Large companies increased their weekly online ad impressions from 30 million to 37 million during the fourth quarter of 2000 but the online advertising market is still dominated by small and mid-size companies who tend to be dot.coms, according to AdRelevance, a Jupiter Media Metrix. The latest AdRelevance findings reveal that although large companies - companies with quarterly sales of 500 million dollars or more - buy more sites than their smaller counterparts, they are still buying fewer ad impressions on average. According to the data, large companies purchased an average of just 135 million impressions in the fourth quarter of 2000, compared to the 167 million impressions bought by small companies - companies with quarterly sales of 75 million dollars or less.
Key findings from the January AdRelevance Intelligence Report - which compares online media buying activities of small, medium and large companies based on the measurement of impressions, spending, unique ads and messages during the fourth quarter of 2000 - include:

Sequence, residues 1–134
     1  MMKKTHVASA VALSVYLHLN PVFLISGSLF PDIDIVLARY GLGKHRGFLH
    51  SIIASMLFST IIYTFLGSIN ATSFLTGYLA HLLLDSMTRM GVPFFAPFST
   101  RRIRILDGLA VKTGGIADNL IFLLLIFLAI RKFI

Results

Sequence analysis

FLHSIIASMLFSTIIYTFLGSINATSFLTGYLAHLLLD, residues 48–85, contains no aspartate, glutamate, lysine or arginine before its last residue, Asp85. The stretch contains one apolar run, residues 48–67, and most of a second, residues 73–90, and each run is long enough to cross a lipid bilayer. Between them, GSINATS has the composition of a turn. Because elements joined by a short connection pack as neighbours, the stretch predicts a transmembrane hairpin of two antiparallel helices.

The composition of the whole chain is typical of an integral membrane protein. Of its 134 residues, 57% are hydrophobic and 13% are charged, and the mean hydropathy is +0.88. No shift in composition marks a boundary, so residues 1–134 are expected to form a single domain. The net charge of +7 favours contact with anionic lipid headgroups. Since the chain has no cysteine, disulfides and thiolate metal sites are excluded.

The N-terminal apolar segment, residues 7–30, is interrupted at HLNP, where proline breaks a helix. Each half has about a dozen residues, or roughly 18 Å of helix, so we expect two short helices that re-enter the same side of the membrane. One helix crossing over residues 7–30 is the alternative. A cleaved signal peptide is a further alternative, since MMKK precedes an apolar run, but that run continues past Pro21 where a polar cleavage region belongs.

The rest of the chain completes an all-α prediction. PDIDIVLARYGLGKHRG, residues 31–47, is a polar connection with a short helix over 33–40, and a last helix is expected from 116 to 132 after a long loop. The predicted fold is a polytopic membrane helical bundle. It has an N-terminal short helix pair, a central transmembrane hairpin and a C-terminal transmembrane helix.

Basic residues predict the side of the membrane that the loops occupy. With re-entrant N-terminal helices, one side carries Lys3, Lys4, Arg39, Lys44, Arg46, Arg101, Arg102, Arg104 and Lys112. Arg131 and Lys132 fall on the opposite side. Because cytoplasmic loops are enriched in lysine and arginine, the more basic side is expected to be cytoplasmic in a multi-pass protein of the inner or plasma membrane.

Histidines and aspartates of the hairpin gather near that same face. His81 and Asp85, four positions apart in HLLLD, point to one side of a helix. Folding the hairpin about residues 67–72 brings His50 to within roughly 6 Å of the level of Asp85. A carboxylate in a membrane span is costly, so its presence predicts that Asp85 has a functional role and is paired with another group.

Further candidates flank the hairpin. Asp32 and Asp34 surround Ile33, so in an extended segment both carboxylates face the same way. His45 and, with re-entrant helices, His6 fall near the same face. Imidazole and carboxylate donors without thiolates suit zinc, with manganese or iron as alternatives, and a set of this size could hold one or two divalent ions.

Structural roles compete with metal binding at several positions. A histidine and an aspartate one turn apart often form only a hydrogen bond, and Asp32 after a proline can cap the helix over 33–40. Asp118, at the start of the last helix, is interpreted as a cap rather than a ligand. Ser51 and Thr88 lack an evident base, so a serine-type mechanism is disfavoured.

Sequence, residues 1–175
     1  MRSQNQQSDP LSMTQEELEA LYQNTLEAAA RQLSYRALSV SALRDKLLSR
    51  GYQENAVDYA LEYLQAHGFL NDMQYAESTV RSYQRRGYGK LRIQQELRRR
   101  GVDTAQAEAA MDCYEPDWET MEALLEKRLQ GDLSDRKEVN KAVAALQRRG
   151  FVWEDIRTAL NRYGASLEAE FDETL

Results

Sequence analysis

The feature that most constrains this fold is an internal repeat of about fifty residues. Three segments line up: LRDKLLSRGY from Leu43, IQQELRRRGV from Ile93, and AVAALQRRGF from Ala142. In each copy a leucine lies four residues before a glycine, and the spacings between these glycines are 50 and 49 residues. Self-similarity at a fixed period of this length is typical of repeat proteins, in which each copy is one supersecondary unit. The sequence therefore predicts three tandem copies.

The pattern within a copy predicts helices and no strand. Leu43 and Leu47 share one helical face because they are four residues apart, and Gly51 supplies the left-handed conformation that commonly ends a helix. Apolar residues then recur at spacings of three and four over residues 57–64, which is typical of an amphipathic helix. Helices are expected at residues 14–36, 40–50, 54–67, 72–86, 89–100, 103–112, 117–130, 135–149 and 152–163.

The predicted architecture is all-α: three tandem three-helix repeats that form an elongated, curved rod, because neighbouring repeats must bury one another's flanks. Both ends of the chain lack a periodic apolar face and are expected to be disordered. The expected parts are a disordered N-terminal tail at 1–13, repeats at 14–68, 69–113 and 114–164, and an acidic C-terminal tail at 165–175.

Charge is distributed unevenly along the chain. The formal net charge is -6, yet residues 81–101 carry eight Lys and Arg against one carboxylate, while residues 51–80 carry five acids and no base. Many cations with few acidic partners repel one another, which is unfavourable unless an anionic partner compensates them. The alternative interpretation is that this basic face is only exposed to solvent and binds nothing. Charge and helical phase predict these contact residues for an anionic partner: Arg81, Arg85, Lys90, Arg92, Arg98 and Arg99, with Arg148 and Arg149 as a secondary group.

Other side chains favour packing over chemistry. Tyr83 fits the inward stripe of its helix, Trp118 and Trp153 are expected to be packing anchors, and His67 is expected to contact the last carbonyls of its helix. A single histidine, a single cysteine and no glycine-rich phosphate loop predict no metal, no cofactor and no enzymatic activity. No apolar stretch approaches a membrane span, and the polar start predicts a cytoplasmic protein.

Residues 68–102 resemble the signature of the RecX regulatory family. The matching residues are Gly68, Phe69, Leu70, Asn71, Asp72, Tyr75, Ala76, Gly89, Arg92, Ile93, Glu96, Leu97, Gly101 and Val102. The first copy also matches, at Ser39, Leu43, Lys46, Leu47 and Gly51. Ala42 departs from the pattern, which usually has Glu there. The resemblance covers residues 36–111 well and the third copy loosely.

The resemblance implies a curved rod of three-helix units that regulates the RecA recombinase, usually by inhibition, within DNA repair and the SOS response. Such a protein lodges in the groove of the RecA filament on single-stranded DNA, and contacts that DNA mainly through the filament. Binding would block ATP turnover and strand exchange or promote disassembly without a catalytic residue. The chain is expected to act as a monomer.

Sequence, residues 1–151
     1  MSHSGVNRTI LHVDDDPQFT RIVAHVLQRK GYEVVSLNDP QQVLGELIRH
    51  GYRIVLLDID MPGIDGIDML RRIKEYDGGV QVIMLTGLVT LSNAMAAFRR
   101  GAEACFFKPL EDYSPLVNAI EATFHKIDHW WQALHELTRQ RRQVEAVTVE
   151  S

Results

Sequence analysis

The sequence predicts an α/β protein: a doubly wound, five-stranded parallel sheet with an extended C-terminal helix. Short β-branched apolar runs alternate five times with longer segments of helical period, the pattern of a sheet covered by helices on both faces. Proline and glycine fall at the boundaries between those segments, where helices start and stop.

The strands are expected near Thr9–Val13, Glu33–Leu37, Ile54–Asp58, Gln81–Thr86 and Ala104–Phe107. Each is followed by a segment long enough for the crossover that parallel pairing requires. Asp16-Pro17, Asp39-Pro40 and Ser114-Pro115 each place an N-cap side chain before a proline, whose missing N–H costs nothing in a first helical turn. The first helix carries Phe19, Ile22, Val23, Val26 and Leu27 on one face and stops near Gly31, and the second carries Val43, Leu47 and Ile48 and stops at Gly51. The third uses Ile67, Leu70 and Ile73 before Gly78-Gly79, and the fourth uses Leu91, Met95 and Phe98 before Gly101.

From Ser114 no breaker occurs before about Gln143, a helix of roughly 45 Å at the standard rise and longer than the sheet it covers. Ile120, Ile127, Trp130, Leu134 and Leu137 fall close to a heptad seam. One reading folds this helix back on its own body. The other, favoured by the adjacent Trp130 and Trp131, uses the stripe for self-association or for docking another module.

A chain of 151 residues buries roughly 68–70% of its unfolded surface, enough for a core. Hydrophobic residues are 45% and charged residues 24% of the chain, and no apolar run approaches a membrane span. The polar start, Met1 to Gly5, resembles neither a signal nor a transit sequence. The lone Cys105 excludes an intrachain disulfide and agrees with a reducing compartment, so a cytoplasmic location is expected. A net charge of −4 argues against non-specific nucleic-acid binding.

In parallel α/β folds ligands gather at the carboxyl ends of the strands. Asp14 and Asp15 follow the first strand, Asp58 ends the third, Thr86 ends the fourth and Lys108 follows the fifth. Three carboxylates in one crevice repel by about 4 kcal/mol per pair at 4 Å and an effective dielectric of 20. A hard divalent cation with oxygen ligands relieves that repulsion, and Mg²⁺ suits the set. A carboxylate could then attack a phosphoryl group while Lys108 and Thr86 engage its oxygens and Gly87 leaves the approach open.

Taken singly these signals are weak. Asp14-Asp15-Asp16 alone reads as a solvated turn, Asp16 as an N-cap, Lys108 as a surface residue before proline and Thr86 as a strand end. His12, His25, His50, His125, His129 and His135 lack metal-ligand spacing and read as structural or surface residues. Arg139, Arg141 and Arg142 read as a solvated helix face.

Amazon.com bought the highest total impressions of any large company - 6.2 billion
Large companies bought an average of 72 sites while mid-size companies -companies with quarterly sales of between 75 million and 500 million - bought just 50.
Dot.com companies of all sizes bought more impressions than traditional companies of equal size. Mid-size dot.com companies led the way with an average of 453 million impressions purchased during the fourth quarter of 2000 (Table C below).
"Market weary sites have been hoping for the larger, big budget advertisers to jump into the deep-end of the online advertising pool, but the latest AdRelevance data indicate only a gradual increase in online advertising from large companies," said Charlie Buchwalter, vice president of media research for AdRelevance, a Jupiter Media Metrix company. "Dot.coms have been guiding the online ad industry since its inception and the mid-size dot.coms, whose customers are online are continuing to lead."
For more information at http://www.adrelevance.com